2. Ensure you are using zinc picolinate as it's the most bioavailable. If you can access a functional medicine practitioner, ask for some blood tests: plasma zinc, serum copper and see what the ratio is. It should be between 0.75-1:1 (zinc:copper). Plasma zinc is the preferred measure rather than serum zinc. Ensure you have stopped all zinc for 5 days before testing to get an accurate result. You may just need a lot of zinc - I need 150mg/day as I have very high copper levels. Good luck :)

      Delete
  6. Why do melatonin supplements cause depressive symptoms in some?

    ReplyDelete
    Replies
    1. Supplements are way beyond physiologic levels as far as I know. And I get supicious of supplementing hormones because who knows what you are downregulating when you blast the body with the end product? Do you downregulate melatonin by taking it all the time? Or the upstream serotonin? I don't know, and I keep meaning to look into it but haven't.

      I like melatonin for quick jet lag recovery and circadian rhythm support for brief periods, and some of the sleep doctors recommend taking a tiny crumb of the 3mg melatonin tablet, more like 0.5mg at sunset at your destination. I don't really like the idea of chronic, heavy use.

      There are a bunch of studies about a new class of antidepressant that is a melatonin receptor partial agonist, which is interesting, but it is not approved yet and I haven't seen anything recent, so maybe it fizzled out.

      Delete
    2. Hi. Do you mean agomelatine? Yes, it is in use in many countries
      http://www.servier.co.uk/healthcare-professionals/valdoxan/default.asp

      Delete
    3. Hi. Do you mean agomelatine? It is in use in many countries
      http://www.servier.co.uk/healthcare-professionals/valdoxan/default.asp

      Delete
    4. Love the diagrams! Maybe add color next time? They do not have to be so old school :)

      I have also seen websites themes that look like drawn. This will be trendy.

      Delete
    5. OMG... Blogger comments are so difficult. No signal of process.

      Delete
    6. Gabriel: yes, agomelatine (actually forgot the name of it when I was replying to the comment, thanks!). I do have my kids' crayons and markers to make the diagrams look even more homemade…yes, blogger comments are horrible. I keep thinking I should switch to wordpress but everyone is used to the blog being here.

      Delete
  7. I really love this ...thank you. Metametrix Organix/ organic acid test tests for kynurenine and quinolinic acid. If they are elevated the suggestion is to look at magnesium and B6. Zinc seems to play so well with these two that I would think that would be in the suggestions.

    ReplyDelete
  8. I think it is a bit more complicated as quinolic acid is in the de novo NAD(P)+ biogenesis pathway(for ease I will 'incorrectly' call this the B3 biogenesis pathway). It is not known how much a human relies on the B3 bio pathway, though it is likely used to some degree as serotonin producing carcinoid tumors can cause pellagra-like symptoms. This is thought to occur because of the excess tryptophan to serotonin conversion robbing the body of quinolate thus B3.
    Supporting this indirectly is that when tryptophan was first used as an antidepressive it was found effective at much lower doses when niacinamide was added (niacinamide inhibits TDO). I never see this suggestion anymore. So niacinamide supplementation is something that I think might need to be considered in certain circumstances, especially when supplementing tryp.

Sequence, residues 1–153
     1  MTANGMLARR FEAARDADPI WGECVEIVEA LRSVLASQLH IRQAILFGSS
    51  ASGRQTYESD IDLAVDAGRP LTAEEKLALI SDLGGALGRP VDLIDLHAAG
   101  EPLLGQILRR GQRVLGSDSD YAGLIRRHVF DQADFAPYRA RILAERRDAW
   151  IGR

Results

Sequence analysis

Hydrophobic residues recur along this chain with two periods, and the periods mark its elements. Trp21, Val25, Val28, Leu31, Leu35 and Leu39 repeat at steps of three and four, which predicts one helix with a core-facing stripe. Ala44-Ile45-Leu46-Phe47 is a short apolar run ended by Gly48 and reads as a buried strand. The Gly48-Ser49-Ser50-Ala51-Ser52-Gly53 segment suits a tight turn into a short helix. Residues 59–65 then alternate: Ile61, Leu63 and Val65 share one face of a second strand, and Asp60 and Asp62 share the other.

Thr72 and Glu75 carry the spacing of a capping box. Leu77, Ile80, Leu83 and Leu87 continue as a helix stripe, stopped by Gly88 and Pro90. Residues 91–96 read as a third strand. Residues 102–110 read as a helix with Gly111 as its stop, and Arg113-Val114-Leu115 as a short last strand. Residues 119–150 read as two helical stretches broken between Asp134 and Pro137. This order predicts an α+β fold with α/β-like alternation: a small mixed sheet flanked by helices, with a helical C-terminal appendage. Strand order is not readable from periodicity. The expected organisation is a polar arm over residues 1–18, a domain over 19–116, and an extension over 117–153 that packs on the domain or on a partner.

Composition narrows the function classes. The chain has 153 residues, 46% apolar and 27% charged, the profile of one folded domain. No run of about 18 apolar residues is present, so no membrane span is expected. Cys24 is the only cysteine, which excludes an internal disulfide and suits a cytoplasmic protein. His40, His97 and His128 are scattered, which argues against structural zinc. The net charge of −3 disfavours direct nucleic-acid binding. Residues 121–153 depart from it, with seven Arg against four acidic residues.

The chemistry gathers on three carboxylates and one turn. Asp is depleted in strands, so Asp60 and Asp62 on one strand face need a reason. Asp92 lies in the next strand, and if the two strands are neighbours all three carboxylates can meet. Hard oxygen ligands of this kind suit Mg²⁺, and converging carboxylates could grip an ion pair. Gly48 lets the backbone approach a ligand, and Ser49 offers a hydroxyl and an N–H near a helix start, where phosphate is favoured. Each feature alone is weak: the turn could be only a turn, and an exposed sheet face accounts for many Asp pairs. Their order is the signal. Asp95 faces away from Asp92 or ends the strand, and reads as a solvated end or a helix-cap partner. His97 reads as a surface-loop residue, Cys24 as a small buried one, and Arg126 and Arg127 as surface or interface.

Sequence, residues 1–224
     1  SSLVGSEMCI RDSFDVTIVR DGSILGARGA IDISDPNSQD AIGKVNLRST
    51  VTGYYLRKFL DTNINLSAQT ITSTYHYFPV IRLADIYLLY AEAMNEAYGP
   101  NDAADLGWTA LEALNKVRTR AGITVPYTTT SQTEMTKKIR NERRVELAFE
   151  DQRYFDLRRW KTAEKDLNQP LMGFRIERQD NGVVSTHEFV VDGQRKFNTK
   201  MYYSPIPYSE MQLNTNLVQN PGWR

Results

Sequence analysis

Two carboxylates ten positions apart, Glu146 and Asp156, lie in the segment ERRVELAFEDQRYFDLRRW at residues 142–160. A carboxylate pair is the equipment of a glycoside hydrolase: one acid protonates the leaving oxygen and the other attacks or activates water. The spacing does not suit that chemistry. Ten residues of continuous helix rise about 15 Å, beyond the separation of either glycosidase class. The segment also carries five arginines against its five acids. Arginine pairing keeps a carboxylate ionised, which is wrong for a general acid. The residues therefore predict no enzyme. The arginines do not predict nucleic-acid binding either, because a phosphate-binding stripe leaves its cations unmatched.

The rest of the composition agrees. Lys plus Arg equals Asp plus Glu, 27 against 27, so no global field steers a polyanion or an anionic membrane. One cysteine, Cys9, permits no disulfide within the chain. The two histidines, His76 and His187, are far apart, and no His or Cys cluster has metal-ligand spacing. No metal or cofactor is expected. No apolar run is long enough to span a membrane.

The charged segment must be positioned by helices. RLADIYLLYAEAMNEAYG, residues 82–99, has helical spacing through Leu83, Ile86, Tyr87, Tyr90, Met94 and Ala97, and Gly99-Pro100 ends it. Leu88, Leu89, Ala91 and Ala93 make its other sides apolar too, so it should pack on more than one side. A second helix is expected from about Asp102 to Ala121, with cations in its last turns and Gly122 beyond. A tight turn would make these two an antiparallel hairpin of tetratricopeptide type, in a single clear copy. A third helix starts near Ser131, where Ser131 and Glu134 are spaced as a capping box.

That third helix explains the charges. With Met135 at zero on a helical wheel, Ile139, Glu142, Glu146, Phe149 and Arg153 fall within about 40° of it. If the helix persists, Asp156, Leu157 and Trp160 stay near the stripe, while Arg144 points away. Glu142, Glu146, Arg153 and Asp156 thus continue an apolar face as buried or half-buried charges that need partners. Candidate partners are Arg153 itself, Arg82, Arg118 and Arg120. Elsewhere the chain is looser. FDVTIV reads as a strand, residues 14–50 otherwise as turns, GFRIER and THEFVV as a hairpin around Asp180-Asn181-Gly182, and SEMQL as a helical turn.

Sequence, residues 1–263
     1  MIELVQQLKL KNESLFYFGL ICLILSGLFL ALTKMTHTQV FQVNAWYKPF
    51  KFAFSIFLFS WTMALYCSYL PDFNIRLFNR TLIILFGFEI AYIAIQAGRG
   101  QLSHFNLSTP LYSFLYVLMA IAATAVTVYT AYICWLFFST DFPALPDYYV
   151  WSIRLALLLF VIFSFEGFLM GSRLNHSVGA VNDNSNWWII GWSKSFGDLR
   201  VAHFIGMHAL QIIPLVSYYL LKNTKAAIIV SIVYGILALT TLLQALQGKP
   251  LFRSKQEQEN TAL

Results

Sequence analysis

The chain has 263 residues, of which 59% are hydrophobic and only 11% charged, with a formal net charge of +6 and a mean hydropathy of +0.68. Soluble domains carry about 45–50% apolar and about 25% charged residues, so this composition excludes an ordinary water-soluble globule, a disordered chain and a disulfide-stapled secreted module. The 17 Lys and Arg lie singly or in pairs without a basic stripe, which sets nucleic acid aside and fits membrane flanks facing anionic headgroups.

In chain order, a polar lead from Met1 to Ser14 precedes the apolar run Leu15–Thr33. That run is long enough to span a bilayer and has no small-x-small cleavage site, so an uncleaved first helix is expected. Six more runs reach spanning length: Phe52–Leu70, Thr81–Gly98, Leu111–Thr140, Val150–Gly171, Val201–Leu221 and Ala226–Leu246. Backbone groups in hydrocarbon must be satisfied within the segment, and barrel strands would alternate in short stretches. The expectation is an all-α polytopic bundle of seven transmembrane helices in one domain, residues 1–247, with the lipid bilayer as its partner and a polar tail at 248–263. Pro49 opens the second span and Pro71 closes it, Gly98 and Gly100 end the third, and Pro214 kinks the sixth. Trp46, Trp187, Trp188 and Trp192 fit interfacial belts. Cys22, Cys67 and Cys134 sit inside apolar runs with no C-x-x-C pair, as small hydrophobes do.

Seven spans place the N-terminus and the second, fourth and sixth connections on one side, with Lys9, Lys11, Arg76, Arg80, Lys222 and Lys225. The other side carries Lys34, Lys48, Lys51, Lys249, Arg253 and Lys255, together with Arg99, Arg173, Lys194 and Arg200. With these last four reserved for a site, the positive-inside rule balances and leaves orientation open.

ReplyDelete
    Replies
    1. Yes, I left out all of the detail of QA, plan to go into it later in the more zinc-focused post. Maybe. Maybe it will take a 3rd post if there is interest. It is such nitty-gritty and requires a pretty advanced understanding of receptors, kinetics, etc.

      Delete
    2. I took niacinamide and had cold sores within 24 hours. Won't be trying that again.

      Delete
    3. I could find no link between niacinamide (nicotinamide) intake and Herpes (HSV-1) reactivation in Pubmed. As this vitamin has been used for years and HSV-1 is common this means that your results were probably coincidental. (I also couldn't find any anecdotes through Google.) Hopefully your experience does not scare people with HSV-1 away from trying niacinamide if they are depressed(especially if they have low NAD+ levels or need to shift their tryptophan metabolism towards the serotonin pathway)

      Delete
  9. What is the daily recommendation for zinc for a male?

    ReplyDelete
    Replies
    1. See: http://www.ncbi.nlm.nih.gov/pmc/articles/PMC3715721/pdf/fnagi-05-00033.pdf and also:PMID:
      23602205, Effects of zinc supplementation on efficacy of antidepressant therapy, inflammatory cytokines, and brain-derived neurotrophic factor in patients with major depression. 25 mg per day of elemental zinc were used.

      Delete
  10. I was really looking forward to seeing on Creative Live, but then I feel asleep and missed most of it. When I woke up Dave was making a comment about glasses, something like "by the way we didn't coordinate at all". Where you talking about blue blockers and melatonin production, or where you talking about different types of glasses?

    ReplyDelete
    Replies
    1. Blue light blocking.
      You can listen to the interview here
      https://soundcloud.com/nootropicos/dr-emily-deans-interview-with

      Delete
  11. A NYtimes piece by Nobel Laureate Erik Kandel that may be an interesting read for followers of this blog:

    http://www.nytimes.com/2013/09/08/opinion/sunday/the-new-science-of-mind.html?pagewanted=2&_r=0&ref=general&src=me

    ReplyDelete
  12. Thanks for your most informative postings. Just wondering, if a person does have high quinolinic acid, what can be done about it?

    ReplyDelete